This documentary shows the inspiration behind Inuit sculpture. The Inuit approach to the work is to release the image the artist sees imprisoned in the rough stone. The film centres on an old legend about the carving of the image of a sea spirit to bring food to a hungry camp.
Please note that this is an archival film that makes use of the word “Eskimo,” an outdated and offensive term. While the origin of the word is a matter of some contention, it is no longer used in Canada. The term was formally rejected by the Inuit Circumpolar Council in 1980 and has subsequently not been in use at the NFB for decades. This film is therefore a time-capsule of a bygone era, presented in its original version. The NFB apologizes for the offence caused.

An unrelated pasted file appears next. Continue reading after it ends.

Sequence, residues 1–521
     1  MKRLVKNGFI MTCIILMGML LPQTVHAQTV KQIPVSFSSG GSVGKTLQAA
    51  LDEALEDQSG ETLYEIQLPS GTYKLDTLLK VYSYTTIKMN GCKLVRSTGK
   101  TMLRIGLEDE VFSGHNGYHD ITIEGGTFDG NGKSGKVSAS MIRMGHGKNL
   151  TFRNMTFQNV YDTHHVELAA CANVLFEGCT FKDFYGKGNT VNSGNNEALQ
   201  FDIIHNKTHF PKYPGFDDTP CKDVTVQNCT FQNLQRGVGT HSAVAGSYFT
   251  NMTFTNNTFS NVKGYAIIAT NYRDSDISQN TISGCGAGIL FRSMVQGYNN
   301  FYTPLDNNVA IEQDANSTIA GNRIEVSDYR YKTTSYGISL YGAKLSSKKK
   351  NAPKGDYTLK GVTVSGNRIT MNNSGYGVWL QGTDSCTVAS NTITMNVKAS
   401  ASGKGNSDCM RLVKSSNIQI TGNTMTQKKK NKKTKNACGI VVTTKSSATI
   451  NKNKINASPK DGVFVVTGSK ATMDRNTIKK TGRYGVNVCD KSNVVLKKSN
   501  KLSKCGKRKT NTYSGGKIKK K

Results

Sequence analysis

When director John Feeney set out for Cape Dorset, Baffin Island in the spring of 1957, it was with the intention of shooting two documentaries, one on Eskimo stone carvers and one on the community itself. Bad weather and other factors made it impossible to complete the shooting of the community film. Instead, Feeney concentrated on the carvers’ film. This short film would be blown up to 35 mm and distributed theatrically in Canada and abroad and would eventually earn an Oscar® nomination.Albert Ohayon
From the playlist: The 1950s: Television and the Move to Montreal